It is not unreasonable to suppose that the recent jump in his opinion poll standing may have been influenced by Fianna Fail realising that it had a better candidate than it thought and expressing this by every means possible, including the answers given to pollsters.

If that is fanciful, then Gallagher's statement, in an interview with a journalist, is not.

Asked the question, "Why not run for a party?" Gallagher replied: "The president, once elected, is above politics. And I fundamentally disagree with the fact that the office of president is really the gift of the political parties.

"It shouldn't be about what political party you belong to. I think that's a fundamental flaw. I want to be above politics because as soon as you get elected you must represent people from all political parties and none."

Yet he did not want to be above Fianna Fail politics.

Gallagher represents Fianna Fail. He is their default candidate. He has made little of close ties with the party.

He cannot tell us, through his campaign team, when he left Fianna Fail, suggesting he has not left.

Fianna Fail is also being coy. Last Saturday night, the party said it would not comment on whether Gallagher was still a member of the party, saying it was up to him and his campaign team to deal with this issue.

The team is silent on this. It cannot find the relevant letter or the date. This is mystifying. One does, after all, remember that sort of thing, keep a copy of the letter, treat it as a reasonably important milestone.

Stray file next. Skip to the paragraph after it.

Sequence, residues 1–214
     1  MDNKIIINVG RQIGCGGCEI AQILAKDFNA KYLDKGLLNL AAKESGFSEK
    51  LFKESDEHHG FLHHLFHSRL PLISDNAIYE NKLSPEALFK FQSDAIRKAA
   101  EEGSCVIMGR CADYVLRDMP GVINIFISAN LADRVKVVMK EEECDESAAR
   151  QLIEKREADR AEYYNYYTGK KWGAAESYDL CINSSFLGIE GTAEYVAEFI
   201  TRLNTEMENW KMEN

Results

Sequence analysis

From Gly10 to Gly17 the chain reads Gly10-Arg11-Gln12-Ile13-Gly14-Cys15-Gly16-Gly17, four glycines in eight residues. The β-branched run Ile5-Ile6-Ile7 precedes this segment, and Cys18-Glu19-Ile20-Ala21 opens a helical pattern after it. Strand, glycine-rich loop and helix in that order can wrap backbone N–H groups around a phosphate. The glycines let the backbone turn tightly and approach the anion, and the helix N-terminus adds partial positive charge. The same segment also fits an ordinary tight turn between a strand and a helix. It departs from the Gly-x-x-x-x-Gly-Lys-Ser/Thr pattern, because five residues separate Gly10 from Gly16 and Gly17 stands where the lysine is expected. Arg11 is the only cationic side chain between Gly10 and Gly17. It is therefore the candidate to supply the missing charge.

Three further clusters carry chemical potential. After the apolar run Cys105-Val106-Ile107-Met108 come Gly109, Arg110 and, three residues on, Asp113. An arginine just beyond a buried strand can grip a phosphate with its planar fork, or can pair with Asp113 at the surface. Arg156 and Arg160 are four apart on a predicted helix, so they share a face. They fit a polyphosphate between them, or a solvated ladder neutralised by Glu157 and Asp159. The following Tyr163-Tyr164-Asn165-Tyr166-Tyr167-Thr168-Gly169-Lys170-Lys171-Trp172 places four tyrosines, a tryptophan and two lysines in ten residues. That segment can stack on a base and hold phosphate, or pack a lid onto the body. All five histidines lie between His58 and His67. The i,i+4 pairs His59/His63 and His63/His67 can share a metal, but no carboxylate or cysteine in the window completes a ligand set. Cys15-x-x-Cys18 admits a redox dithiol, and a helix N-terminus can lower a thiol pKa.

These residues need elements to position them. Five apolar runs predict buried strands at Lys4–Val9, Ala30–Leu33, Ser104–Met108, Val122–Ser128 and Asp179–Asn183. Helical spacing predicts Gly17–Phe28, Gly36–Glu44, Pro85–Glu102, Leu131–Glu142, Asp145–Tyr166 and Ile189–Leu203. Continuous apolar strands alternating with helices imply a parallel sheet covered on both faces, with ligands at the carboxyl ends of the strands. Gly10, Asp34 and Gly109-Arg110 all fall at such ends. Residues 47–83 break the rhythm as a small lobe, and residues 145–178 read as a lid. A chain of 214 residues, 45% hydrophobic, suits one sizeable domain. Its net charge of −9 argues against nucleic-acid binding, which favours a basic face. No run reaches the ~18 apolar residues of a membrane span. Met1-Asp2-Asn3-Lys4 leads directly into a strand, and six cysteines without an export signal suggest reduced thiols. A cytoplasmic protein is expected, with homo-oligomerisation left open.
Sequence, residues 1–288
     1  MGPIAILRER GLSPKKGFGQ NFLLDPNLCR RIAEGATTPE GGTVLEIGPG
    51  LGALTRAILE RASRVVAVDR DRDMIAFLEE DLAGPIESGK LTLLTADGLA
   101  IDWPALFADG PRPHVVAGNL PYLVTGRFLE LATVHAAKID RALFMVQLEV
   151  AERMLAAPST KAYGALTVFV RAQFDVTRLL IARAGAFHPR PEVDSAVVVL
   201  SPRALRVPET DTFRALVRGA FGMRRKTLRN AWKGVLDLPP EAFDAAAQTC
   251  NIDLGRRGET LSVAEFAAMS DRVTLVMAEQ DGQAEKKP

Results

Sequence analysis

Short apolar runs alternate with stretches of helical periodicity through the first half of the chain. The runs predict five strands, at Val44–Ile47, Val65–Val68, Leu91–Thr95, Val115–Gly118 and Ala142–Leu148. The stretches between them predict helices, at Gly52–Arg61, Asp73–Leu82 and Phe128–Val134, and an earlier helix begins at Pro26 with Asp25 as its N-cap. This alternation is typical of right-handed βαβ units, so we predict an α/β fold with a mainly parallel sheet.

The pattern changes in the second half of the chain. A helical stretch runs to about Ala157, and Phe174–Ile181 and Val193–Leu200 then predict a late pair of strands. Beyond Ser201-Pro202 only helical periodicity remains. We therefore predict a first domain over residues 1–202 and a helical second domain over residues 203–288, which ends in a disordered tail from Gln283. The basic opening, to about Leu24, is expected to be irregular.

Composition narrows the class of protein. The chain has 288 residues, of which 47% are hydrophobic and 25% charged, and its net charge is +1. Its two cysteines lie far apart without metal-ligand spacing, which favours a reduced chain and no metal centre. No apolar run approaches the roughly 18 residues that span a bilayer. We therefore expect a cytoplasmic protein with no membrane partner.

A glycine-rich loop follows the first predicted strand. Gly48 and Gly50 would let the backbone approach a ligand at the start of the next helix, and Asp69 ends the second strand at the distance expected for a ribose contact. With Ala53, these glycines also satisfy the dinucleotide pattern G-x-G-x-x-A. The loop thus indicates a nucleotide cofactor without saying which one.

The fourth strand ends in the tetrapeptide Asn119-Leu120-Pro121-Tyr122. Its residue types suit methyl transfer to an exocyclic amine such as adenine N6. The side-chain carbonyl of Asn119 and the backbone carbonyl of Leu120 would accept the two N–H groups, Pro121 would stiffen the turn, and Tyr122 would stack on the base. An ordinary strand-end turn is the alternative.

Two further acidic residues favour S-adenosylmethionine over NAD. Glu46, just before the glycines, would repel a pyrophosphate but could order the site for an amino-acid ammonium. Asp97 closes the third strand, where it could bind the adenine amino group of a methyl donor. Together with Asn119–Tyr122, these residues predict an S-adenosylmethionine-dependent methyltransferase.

Gallagher's distance from Fianna Fail has been a plank in his presidential campaign, but in the wrong ways. Links have been represented as slight, sporadic, arm's length, and terminated nearly three years ago when in fact they were not terminated at all.

Remaining questions should be directed at Fianna Fail. The party turned down the honest, straightforward and potentially good candidate, Brian Crowley, who would have been exactly what he said he was.

The party turned down Eamon O Cuiv's arguments in favour of running because of a cash shortage. Having bankrupted the country, Fianna Fail could not face the true challenge of a public campaign.

The party has taken the wrong course. Again. It is a position that does not stand up. And time is running out for its members to salvage any credibility.

FIAnna Fail faces major challenges, notably over the Sinn Fein choice of Martin McGuinness. This affects Fianna Fail's future.

The party knows more about McGuinness than any other party except Sinn Fein, but is silent on this and other questions. All of this is characteristic of the present party leader, Micheal Martin.

Gallagher's campaign is without credibility.

Opening his mouth from now on will invite doubt, scepticism and disbelief.

He claims that his desire to be president was "accumulated over the last three years based on the profile of being on TV and RTE's Dragon's Den". He should resign the campaign, return to the 'Den' and revise his conflicting views and statements.

Then start all over again.